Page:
Bangai-O HD: Missile Fury Review (XBLA)
Posted by Jim Cook, May 06, 2011 01:26
I missed out on the original Bangai-O, so I asked someone more familiar with the series what I should expect. "Have fun dying within ten seconds", he replied. "It’s very, very quirky and you’re going to die a lot until you learn, the hard way, what the game wants you to do." It sounded like I was in for either a very frustrating or ’hardcore but fun’ game, and thankfully Bangai-O HD: Missile Fury is the latter. It’s a fast-paced shooter with twin-stick moving/firing controls that has no problem sending several hundred missiles at you the very moment you start the game, but if you learn how to control things properly then you will find this same game is also very satisfying when you complete each stage.
Played as a 2D scrolling shooter (though you control the scrolling), Bangai-O HD puts you in control of a robot blasting its way through several stages full of missiles, buildings to blow up, more missiles, giant space ants chasing you, some more missiles, bosses of varying size and ability, and enough missiles to pretty much fill the entire screen. Your robot can crank out dozens of missiles at a time and fly in any direction with ease, but on its own these talents are rarely enough; the real depth of play comes from mastering counter-attacks and dashing. Both are controlled by very limited meters, but dashing lets you plow through certain obstacles quickly and counter-attacks gain strength based on how many threats are close to you.
Planning out when and where to use counter-attacks is probably one of the best parts of Bangai-O HD. It’s scary to have the entire screen be covered in things trying to kill you, but it’s also hilarious and satisfying to do a well-timed counter that lets you turn the tables and suddenly you’re the one covering the screen in bullets and missiles! With huge swaths of the enemy now gone, you then simply have to figure out an efficient and quick way to finish off the remaining targets and move on since each stage is timed. While the controls are very responsive and you have plenty of firepower to use, it should be stressed that you really need to visit the tutorial mode first; Bangai-O: Missile fury otherwise seems impossible because you won’t know how to defend yourself properly.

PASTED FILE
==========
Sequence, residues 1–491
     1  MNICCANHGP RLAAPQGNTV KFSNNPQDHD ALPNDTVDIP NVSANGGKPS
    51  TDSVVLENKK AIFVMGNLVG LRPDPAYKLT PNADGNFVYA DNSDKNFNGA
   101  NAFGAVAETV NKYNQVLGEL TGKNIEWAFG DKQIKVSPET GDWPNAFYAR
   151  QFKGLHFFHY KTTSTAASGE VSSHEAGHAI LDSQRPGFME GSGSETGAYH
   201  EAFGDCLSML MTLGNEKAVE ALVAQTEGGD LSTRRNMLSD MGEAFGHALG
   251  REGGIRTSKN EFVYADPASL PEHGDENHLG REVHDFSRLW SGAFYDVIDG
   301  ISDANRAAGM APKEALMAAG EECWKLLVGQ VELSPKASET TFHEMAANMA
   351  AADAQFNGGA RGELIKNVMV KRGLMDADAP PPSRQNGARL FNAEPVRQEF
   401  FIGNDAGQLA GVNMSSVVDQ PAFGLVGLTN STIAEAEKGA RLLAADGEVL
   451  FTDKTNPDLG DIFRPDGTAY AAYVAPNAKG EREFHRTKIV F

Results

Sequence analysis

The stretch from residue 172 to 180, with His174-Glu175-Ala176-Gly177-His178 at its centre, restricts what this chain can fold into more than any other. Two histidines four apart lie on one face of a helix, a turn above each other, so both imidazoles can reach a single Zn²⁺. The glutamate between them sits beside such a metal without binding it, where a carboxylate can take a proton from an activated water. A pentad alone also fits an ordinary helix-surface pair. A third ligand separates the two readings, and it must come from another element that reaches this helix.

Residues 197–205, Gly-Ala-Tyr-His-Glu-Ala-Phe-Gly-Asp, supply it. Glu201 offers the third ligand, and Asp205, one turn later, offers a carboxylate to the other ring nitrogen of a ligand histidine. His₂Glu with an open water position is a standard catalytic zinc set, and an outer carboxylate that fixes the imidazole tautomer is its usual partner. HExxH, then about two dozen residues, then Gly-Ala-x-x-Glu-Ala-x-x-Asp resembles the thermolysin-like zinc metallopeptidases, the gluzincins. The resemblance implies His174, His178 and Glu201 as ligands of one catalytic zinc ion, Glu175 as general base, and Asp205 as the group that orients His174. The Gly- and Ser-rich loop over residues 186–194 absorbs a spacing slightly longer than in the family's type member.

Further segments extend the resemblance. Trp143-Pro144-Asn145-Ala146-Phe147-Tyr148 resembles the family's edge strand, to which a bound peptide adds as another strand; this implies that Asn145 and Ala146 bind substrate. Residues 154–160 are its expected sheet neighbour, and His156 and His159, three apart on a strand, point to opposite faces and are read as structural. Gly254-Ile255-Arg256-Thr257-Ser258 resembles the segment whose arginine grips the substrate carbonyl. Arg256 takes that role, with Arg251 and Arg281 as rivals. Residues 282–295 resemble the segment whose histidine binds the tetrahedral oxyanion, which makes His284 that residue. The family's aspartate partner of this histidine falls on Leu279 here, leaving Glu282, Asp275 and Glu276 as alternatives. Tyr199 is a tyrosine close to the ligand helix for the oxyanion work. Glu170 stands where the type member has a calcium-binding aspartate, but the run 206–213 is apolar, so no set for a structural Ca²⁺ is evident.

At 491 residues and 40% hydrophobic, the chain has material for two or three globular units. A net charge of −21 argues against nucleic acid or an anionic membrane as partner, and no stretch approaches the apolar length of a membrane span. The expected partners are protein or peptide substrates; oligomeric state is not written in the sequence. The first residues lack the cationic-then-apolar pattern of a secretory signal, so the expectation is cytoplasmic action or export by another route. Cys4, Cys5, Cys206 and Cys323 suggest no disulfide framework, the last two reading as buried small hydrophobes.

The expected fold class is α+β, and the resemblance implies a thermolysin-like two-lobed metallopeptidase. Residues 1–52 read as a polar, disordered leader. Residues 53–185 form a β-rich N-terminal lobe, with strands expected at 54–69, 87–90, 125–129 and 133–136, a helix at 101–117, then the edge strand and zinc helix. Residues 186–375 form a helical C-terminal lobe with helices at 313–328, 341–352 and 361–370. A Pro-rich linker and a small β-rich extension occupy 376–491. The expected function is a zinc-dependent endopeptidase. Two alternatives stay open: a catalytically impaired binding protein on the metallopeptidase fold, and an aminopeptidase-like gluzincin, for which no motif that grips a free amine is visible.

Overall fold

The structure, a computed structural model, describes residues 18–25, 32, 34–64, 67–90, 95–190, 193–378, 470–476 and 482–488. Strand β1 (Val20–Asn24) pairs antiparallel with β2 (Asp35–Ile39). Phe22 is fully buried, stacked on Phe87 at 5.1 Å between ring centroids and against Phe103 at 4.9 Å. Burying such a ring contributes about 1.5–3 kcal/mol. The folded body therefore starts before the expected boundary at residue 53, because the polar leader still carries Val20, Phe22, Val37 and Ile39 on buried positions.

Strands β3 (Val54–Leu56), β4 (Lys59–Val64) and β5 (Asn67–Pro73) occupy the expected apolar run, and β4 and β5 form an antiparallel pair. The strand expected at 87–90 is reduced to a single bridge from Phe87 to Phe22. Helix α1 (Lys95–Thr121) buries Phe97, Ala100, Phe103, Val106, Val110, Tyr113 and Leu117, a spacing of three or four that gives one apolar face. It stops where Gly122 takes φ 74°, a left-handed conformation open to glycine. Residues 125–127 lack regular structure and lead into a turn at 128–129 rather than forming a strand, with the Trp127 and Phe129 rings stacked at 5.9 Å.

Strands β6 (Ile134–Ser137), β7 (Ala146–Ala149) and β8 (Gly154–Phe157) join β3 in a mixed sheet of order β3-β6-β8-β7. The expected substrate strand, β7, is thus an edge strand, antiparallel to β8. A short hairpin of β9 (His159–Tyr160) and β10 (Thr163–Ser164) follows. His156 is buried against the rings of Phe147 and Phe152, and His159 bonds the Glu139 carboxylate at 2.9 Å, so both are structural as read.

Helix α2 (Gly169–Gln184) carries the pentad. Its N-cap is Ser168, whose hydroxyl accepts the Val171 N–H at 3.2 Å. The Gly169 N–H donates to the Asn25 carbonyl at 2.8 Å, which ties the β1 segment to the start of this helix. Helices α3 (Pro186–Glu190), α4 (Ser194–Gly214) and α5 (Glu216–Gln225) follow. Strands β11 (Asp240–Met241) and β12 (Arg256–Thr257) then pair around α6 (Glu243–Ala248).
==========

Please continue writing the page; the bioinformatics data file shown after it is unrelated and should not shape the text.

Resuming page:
While online and system link co-op are offered, the latter is uncommon to set up and playing over Xbox Live sadly has far too much lag to be worthwhile. It is technically playable but the game runs at around 20 to 35% normal speed consistently, for virtually everyone you may come across online. This makes Bangai-O HD largely a single-player affair, whose main online attraction is a level editor that lets you share creations with your friends. While the virtually useless online co-op is disappointing, it’s not a crippling blow to this game by any means.
Bangai-O HD: Missile Fury revels in its difficulty and insane, screen-engulfing action. It is very much out to destroy the player, yet it does this to elicit a deep satisfaction when you complete a level; it’s a real rush and will no doubt have players shouting in triumph. On top of this, Bangai-O HD isn’t totally merciless and will let you skip a level if you fail it a few times in a row. This mix of intensity without being completely ruthless makes the game stand out, and it does a fine job of earning its 800 Microsoft Point/$10 USD price.
Demo Note: The author’s review was based on an immediate full copy of the game; discussion with others who played the demo first has suggested that demo players are not given the tutorial, which I find baffling because you need the tutorial (or experience with another Bangai-O game, perhaps) in order to understand how to not get killed the moment you start to play. The demo is thus, bizarrely enough, not a good indicator of the full game and you may want to read up on the controls if you plan to try a trial version.
Rating: 0.0, votes: 0